Dittberner’s goal for district: ‘We want excellence in everything’

One week into his new job as superintendent of the New Prague Area Schools, Tim Dittberner said there are two words that describe his feelings.

“Excited and enthusiastic.” No one who knows Dittberner is surprised by that. Those two words describe his approach in just about any aspect of his career, whether as a basketball coach, a classroom teacher, an activities director or, for the last 10 years, as principal at New Prague Middle School.

Dittberner brings an enthusiasm that is matched by a work ethic that made enough of an impression on members of the New Prague Area School Board to tap him as the district’s new leader.

Dittberner, a native of Oakdale, attended Gustavus Adolphus College in St. Peter. His education career started at Le Sueur High School in the early 1980s, as a teacher and coach. He moved on to South St. Paul High School in 1988, and in the mid-1990s the superintendent there persuaded him to take on the job as activities director on an interim basis.

“I had never thought about administration,” he said. “Teaching and coaching is all I ever wanted to do. But things just fell into place.” He later served as assistant principal and activities director at South St. Paul before arriving in New Prague in 2003 as middle school principal.

He said he never really thought much about becoming a superintendent, until about a year and a half ago, while working with superintendent Larry Kauzlarich. “I started picking his brain and working on a superintendent’s license. It was almost like an internship,” Dittberner said.

One advantage he has in the new position is that he knows the district.

“I know the strengths, and I know what areas need to be addressed,” he said. “And I know the people... A big part of leadership is making personal connections.”

He says it’s funny how things have worked out. “I spent 10 years as a teacher, 10 years as an AD and 10 years as a principal. And now, this...”

After 30 years of having almost daily contact with students, he said working in the district office will take some getting used to. “But I still want to get into the school buildings, and talk to staff and students.”

Does he see himself in the same position 10 years from now?

“Possibly… I think the district needs stability, and I’m not planning to go anywhere. I’ll stay here as long as they’ll let me.

“I love this community,” he adds. “It has so many things going for it. I’m fortunate to have been here for 10 years… 10 more years would be fun.”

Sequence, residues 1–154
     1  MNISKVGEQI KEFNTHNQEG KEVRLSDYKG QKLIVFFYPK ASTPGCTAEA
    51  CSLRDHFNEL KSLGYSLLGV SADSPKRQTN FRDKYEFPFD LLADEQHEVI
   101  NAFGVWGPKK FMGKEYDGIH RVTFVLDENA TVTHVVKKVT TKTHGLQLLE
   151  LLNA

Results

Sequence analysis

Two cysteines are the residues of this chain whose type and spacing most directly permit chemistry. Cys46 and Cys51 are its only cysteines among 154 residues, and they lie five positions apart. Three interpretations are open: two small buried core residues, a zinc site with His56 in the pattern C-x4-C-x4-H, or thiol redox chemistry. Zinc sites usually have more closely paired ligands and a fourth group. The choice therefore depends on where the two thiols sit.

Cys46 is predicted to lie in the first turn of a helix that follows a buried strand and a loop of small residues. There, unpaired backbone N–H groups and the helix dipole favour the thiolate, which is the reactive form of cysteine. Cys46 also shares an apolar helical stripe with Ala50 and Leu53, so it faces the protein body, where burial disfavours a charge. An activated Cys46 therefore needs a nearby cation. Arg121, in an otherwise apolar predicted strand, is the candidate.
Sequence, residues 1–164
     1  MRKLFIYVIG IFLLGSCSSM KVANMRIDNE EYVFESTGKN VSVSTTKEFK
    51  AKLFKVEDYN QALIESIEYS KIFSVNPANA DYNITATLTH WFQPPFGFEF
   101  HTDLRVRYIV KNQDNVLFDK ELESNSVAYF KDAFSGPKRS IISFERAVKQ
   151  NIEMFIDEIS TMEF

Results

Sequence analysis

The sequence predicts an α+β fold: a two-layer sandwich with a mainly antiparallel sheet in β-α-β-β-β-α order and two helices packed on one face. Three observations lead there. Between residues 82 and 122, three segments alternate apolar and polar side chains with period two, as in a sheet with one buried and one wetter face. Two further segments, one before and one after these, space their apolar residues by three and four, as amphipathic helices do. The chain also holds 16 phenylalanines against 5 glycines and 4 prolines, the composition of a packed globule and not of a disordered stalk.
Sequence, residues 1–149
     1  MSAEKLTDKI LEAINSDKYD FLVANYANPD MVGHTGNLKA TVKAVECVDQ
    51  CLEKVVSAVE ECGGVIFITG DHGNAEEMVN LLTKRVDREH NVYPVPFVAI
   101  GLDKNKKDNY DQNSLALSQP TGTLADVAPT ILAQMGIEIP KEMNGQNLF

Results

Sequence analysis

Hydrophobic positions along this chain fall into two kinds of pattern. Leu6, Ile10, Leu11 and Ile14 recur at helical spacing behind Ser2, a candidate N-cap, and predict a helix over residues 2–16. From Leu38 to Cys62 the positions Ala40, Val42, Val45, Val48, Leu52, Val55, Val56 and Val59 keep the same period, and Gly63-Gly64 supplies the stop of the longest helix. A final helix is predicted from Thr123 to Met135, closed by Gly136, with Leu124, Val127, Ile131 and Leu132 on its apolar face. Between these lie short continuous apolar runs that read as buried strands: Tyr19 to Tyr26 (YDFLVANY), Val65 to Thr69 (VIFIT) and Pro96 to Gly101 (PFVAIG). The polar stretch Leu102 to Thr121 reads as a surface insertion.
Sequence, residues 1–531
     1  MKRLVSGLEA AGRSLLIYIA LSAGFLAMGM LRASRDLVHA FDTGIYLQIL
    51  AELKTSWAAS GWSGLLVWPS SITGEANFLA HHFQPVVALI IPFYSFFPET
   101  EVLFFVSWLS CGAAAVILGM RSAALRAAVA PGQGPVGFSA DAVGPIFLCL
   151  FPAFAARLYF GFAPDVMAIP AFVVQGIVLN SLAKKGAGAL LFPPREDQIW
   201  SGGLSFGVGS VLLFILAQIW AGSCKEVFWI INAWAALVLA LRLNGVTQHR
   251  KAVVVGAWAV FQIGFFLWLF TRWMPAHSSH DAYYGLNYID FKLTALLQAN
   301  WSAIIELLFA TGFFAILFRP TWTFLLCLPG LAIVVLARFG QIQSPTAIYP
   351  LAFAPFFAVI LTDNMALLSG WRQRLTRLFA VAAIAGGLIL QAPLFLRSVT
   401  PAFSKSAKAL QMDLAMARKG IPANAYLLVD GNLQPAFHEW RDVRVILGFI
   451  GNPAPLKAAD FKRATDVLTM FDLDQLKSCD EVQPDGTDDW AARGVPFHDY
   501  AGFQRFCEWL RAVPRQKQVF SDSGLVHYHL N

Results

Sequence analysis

Dittberner said there are three main tasks that the district will be addressing. The first involves security issues. Asecurity audit is being doneby a consulting firm and they are expected to make recommendations to the school board before the next school year starts. Many districts are going through a similar process, and the bomb threats and false shooting report experienced in the district earlier this year have increased awareness locally.

Technology is another issue the district will be addressing. A committee has been meeting for several months to make recommendations on updating the district’s technology. That committee will report back to the board later this year.

The third project is the renovation of the Trojan Field athletic complex, which the board approved in May. Dittberner said school staff is working with architects and looking at other schools’ facilities and will prepare a final plan to present to the board so construction can begin next summer.

Dittberner said his ultimate goal is for New Prague to be one of the best districts in all aspects.

“We want the best language arts department, the best technology department, the best music department, the best coaches… We want excellence in everything.”

He said he doesn’t believe in sacrificing one area to improve things in another. "There’s a concept I read in a book by Jim Collins, Built to Last. He talks about the ‘Genius of AND’ versus the ‘Tyranny of OR.’ I believe you can have a strong academic program, strong music and arts program and strong athletic programs.

“Families want to be part of a school that is safe, that has a strong academic program and offers a comprehensive program of athletics and activities.”

And five years from now, how will he know that he’s done a good job?

“If we have improvement academically, not just in test scores, but in surveys. If our people are satisfied, and if we are a district where people come to us to see how things are done, that will be a good sign.”

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